One suggested improvement is a “late and live” style initiative to attract people into the city. I shudder at the management speak used, but agree with the sentiment. Preston used to have far more live music venues for people with only a couple of bank-notes in the backpocket; they have almost all closed or had a change of management. The Guild Hall should not be the only place in the city to see live theatre. The Frog and Bucket has been a surprise hit – I admit to suggesting it would close down without much notice within weeks – although its future is somewhat compromised by the mythical Tithebarn rejuvenation project.

Preston has a lot going for it; from the Continental pub’s theatre and music, to 53º with is superstar roll call of live acts, the easily accessible green bits including (just, boundary fans!) Beacon Fell, the Millennium Canal Link, and apparently a Championship level football club….

There is an elephant in the room, of course. Improvements to one part of the town cannot be made without looking at the wider picture. Tithebarn – the multi-million pound fairy story cooked up by “development agencies” – would be a disaster for those on low and middle incomes living in the immediate surrounding areas for whom John Lewis and high-end restaurant eating comes pretty low on the list of priorities. Demolishing 1,100 car parking places in addition to the 80-gate bus station would do nothing to encourage families to visit. All these “improvements” remain high on the list of Preston Council’s vision for the future; all of them are completely blinkered, short-termist nonsense.

Preston needs far more than shiny buildings if it truly wants to fit into the new city clothes. A transport system fit for the last century would be a start. Acknowledging that thousands of people would prefer money spent outside the city centre wouldn’t go amiss either.

Preston is a great place to live and work and drink, but years of political short-termism has dragged progress to a complete standstill. Like Mavis Dinnerlady OBE with her daily routine, Preston seems satisfied and comfortable without any major cosmetic changes. I would much prefer to bring a new sense of renewal to Preston in stages, bit by bit, sector by sector. Mavis would not serve Masterchef dishes the day after meeting the Queen; Preston should not start swinging the demolition ball the day after this “boring” report.

Supermarket Creep

Within the boundaries of Preston, the phrase “Tithebarn Project” is something of a shibboleth. Not sure how many thousands will fall at the banks of the Ribble, although if any further delay is suffered by the scheme I dare suggest there will be a queue lining up to voluntarily plunge off the Old Tram Bridge.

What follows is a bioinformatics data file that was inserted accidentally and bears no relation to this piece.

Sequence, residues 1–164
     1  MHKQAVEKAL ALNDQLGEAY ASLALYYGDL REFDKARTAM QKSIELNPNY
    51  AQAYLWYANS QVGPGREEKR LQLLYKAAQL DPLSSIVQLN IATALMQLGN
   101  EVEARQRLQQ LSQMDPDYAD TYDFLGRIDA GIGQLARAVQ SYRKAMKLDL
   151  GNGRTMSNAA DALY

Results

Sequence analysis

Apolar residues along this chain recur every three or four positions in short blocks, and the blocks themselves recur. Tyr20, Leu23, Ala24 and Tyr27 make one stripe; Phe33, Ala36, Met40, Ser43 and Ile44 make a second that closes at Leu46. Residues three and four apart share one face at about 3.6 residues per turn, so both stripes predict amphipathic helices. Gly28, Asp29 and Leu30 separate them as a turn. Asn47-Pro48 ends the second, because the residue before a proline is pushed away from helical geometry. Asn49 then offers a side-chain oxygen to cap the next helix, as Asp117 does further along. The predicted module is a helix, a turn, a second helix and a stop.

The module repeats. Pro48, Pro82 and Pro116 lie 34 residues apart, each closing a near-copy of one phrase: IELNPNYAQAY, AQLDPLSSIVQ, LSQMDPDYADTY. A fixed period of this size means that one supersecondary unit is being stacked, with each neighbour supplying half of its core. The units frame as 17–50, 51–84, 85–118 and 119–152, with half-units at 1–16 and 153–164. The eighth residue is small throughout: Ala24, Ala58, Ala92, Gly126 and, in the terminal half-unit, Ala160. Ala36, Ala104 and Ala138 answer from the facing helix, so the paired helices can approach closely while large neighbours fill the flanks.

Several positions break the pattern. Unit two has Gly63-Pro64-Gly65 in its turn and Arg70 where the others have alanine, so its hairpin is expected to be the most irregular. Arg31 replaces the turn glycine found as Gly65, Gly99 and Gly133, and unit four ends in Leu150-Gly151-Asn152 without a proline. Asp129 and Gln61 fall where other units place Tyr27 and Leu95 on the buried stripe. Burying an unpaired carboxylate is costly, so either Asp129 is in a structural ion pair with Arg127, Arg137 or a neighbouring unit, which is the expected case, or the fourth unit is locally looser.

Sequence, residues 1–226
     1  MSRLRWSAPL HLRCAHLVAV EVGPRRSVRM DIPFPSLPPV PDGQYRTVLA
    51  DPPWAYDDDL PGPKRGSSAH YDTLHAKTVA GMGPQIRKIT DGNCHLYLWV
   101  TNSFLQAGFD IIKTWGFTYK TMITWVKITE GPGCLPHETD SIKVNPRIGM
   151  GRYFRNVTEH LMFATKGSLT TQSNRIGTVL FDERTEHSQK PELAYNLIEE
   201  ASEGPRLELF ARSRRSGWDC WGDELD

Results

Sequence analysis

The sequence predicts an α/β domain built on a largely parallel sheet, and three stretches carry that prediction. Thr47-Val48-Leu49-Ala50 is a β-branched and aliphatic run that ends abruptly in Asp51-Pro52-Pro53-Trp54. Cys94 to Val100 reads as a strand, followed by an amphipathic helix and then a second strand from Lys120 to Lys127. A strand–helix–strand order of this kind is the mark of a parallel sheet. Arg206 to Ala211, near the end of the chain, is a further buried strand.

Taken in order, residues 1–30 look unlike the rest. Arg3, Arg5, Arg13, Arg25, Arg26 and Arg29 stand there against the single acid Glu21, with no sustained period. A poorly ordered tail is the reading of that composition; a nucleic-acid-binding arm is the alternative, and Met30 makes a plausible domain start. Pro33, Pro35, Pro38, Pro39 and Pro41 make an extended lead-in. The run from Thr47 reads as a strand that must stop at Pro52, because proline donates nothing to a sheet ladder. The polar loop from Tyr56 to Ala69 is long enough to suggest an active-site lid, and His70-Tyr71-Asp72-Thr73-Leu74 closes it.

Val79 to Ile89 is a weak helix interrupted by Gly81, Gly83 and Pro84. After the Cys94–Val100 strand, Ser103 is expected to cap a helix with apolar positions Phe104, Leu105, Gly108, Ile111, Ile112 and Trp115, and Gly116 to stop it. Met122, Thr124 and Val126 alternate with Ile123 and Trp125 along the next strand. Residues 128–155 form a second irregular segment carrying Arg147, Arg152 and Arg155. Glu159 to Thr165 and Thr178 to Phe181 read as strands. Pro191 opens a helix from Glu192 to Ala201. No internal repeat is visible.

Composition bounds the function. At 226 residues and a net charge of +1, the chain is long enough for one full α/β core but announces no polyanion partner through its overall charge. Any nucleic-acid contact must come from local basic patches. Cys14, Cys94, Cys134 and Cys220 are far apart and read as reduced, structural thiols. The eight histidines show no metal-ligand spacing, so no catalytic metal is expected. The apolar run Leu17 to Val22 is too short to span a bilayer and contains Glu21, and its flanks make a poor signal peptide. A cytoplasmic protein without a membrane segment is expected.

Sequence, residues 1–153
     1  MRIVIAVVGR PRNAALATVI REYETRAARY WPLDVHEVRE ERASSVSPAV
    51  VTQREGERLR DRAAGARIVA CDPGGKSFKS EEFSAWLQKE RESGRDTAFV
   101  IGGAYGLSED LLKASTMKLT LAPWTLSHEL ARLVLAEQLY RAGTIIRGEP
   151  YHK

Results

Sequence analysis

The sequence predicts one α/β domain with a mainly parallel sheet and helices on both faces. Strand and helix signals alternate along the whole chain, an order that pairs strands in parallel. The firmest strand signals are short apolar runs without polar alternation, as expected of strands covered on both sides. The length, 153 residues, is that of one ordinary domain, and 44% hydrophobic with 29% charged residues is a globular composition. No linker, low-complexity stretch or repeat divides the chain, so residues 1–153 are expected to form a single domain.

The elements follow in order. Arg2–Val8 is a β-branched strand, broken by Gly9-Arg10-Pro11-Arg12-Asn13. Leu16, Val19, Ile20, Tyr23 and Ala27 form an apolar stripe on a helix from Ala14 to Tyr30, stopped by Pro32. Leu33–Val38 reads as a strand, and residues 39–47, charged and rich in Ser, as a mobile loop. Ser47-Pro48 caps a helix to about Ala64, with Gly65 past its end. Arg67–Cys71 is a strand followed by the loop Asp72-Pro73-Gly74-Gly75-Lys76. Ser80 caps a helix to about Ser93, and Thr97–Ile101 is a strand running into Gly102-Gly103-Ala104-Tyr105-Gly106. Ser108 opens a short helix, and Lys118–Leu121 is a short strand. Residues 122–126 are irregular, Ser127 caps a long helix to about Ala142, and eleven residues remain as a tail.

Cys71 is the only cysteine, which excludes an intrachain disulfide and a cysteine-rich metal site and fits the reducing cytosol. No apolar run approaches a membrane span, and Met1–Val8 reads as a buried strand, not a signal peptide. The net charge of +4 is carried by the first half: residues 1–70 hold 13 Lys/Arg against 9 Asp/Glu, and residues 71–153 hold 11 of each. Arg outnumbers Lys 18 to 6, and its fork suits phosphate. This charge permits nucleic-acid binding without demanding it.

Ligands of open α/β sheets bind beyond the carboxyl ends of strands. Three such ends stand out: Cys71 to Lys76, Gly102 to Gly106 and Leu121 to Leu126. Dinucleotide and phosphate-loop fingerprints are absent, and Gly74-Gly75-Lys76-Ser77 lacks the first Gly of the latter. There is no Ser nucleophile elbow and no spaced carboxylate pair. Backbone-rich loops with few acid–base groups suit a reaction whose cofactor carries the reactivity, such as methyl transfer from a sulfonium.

At the centre of the on-going regeneration plans, now juddering into their seventh or eighth year of troubled growing pains, is the destruction of Preston Bus Station and its replacement by department store John Lewis. The argument against the former, and for that matter very much against the latter, has been repeated so often I think my fingers would break themselves rather than repeat the points made so many times; I will only say that such a move would be one of the least progressive steps in local government since the dawn of time. Or even before that.

Something resembling a curveball hit the Town Hall collection of 3D models and computer diagrams of “Prestanchester” yesterday with the £230 plan to finally do something about the dire transport system here. Okay, it’s an aspiration (like most things in Preston, there is many a “vision” for the future), and how sad to think it’s matching pretty much what everyone has considered good for the place for generations. In 1972 journalists filled the LEP with “visions” of the subsequent 1992 Guild being opened by monorails and skywalks. We’re barely one step closer to that in the second decade of the 21st century. It’s almost enough to be quite depressing.

Preston should not be forced into changing into a mini-Manchester over night. The new flashy apartments thrown up since city status show all the signs of hasty profit chasing. Their balconies resemble old chip-pan baskets.

Our Town Hall luminaries – elected and otherwise – ignore long-term needs for short-term headlines. Commuters in northern Preston are forced to leave for work at half-6 to attempt avoiding the logjams on the main routes, all of which could have been resolved had small railway stations or tram lines been installed twenty or thirty years ago. We’re playing catch-up because Preston has been strangled by politics and politicians for too long.

Instead of progress, we’re having to chase profit. John Lewis will be the great consumerist icon for the City Councillors who prefer to hear the ringing of tills over the pinging of bus bells. And who would have it any other way? A wise old Councillor reminded me with a heavy sigh, “Railway stations don’t pay council tax”

I hope – beyond all reason – that the tram system proposal is successful. I am also crossing my fingers in hope – beyond all sense – that the 20th Century Society is able to preserve Preston Bus Station for the benefit of all Prestonians.

I realise – with Lancastrian realism – that all this hope will come to nothing. Our Councillors want regeneration to mean more shops, cafes, expensive apartments and “visions”. For the city with its Ring Road built right through the middle of the main shopping street, it all seems pretty appropriate.